And if there's that the government did in 2010 that will benefit to country in the long-term, it's the reform of our Crown Research Institutes, which moved their energies away from competing with each other and back to science and ideas. The changes to how we do science here were over-due, could genuinely boost our economy, especially growth and innovation, in the medium-term and were "ambitious for New Zealand".

In the next few days I'll look back at how the other parties did in 2010 and what we might expect this year. Just how quickly I do that may depend on a) the weather and b) how quickly I can paint.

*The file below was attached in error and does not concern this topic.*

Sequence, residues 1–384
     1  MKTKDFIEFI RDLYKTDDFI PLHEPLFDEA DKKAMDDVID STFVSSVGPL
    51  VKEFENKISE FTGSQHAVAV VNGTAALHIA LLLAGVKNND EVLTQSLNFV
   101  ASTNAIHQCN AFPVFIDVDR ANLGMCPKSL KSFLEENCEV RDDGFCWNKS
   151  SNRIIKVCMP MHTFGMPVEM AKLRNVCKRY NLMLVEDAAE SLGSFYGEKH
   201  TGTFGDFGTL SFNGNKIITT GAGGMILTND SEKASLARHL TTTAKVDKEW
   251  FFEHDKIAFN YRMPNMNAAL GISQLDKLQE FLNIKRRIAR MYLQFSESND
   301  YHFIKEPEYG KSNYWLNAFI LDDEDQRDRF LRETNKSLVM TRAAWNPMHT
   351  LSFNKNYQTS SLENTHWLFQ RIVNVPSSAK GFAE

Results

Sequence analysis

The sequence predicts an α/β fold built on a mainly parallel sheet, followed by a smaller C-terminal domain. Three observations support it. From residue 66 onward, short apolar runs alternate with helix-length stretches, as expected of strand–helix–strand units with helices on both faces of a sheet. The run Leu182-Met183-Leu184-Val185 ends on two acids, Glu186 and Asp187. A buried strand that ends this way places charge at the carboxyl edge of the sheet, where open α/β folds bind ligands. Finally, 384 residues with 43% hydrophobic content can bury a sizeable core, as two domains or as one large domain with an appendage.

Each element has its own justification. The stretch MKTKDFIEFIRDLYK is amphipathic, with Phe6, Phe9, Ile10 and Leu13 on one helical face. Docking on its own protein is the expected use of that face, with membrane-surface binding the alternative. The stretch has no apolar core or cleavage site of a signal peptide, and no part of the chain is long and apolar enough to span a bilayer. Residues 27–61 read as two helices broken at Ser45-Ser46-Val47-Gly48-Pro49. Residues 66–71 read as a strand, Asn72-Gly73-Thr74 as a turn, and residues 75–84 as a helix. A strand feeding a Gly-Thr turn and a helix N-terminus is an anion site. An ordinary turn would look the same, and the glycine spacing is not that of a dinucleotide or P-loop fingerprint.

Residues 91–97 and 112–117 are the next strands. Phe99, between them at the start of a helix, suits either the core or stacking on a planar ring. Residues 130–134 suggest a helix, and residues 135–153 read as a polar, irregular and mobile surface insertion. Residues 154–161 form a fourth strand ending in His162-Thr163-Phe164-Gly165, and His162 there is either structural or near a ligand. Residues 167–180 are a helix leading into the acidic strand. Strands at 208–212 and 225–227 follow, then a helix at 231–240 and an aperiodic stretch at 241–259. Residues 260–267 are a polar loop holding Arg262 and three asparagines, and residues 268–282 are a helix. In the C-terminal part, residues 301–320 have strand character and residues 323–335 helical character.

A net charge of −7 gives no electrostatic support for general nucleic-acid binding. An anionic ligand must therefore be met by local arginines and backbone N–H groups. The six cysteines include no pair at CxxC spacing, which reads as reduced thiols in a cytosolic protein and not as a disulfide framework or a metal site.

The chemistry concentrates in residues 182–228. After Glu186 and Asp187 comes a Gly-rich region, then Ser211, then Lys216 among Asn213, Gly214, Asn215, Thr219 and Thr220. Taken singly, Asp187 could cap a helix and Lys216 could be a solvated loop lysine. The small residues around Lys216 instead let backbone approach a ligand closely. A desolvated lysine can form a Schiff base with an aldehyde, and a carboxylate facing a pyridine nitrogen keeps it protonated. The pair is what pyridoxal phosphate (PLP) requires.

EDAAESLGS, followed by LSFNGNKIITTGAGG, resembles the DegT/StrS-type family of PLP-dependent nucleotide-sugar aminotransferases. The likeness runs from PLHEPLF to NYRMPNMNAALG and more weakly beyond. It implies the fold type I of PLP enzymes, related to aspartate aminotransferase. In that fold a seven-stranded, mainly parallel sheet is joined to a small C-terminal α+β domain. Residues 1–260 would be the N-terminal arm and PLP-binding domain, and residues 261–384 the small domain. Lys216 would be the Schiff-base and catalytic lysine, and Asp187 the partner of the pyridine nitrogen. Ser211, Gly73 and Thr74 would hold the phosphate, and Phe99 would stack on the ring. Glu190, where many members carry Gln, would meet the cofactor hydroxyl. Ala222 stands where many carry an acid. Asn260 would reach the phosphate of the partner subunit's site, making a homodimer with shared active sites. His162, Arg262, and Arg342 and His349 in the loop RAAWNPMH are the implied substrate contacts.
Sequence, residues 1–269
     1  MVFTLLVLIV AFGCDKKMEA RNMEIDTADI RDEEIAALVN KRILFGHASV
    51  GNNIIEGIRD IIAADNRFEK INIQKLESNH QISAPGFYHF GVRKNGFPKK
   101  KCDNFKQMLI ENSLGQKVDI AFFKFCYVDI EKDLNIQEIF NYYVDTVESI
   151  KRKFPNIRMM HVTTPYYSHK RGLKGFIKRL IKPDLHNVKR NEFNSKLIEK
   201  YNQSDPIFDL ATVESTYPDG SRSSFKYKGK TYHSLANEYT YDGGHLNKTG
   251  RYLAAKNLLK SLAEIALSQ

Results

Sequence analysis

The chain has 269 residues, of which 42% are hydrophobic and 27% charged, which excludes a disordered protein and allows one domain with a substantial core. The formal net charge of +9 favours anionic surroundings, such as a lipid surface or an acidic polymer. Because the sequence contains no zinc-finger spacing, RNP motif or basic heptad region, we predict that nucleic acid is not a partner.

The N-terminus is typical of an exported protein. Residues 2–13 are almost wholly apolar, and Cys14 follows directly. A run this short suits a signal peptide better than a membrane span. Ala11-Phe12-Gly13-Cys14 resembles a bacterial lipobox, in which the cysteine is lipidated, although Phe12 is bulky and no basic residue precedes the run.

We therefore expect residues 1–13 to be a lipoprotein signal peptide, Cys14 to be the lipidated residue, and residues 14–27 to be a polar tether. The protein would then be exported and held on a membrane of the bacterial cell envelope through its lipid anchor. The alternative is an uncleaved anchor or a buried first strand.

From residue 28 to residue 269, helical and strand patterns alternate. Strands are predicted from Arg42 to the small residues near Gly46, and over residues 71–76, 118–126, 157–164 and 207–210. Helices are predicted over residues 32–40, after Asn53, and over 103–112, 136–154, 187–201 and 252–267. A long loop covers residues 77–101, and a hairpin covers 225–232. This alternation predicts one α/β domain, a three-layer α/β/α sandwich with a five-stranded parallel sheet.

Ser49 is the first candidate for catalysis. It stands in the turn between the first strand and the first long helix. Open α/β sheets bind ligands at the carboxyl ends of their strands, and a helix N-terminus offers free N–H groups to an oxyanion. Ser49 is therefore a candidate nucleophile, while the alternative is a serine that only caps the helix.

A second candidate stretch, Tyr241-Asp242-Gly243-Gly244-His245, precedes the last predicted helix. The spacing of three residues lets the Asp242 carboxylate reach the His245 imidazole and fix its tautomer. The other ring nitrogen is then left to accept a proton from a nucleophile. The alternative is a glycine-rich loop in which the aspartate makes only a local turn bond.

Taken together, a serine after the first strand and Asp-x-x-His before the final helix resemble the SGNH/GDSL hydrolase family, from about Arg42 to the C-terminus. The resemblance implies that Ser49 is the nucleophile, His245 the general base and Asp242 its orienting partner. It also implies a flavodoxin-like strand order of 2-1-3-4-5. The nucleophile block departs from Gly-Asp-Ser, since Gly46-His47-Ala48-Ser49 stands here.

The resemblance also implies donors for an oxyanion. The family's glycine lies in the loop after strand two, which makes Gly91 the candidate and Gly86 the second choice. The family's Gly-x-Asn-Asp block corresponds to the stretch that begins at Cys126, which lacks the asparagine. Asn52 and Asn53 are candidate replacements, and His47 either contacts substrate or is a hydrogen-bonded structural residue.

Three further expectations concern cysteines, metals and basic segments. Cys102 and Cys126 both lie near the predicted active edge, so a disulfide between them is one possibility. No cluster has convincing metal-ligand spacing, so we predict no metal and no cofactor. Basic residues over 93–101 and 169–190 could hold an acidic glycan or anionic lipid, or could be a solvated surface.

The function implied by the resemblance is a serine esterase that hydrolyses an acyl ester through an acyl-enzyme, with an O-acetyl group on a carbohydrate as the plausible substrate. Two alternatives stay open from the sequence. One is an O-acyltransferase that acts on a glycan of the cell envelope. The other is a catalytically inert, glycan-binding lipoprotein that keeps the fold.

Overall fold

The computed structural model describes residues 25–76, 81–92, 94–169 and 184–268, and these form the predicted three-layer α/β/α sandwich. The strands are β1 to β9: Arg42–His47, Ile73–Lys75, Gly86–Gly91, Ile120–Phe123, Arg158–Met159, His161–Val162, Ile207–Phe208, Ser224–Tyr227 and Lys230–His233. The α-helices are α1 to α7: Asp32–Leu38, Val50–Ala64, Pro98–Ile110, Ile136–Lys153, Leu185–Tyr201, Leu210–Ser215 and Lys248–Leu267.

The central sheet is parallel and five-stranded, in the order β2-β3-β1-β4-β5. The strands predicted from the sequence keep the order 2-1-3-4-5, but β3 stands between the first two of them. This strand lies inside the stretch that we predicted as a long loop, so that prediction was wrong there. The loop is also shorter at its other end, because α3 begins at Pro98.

Happy new year y'all.

Comments (15)

by peasantpete on January 07, 2011
peasantpete

It was always going to be thus.  This government always said it would not upset the natives in the their first term.

In their second term who knows what will happen.

If National secure a safe majority we can look forward to a right wing onslaught on to our social fabric.

The governmemt is trading, in part, with disillusionment, within the electorate, with the previous administration.

This electorate disillusion will be replaced with an equal disillusion with the current administration as the reality of the "smoke and mirrors" tax cuts hit home.

Under mmp, as of today, the electoral outcome in 2011 looks foggy.

Given our mmp environment I suspect more "softly, softly catchee monkey" approach from a National government, post 2011.

by Brendon Mills on January 07, 2011
Brendon Mills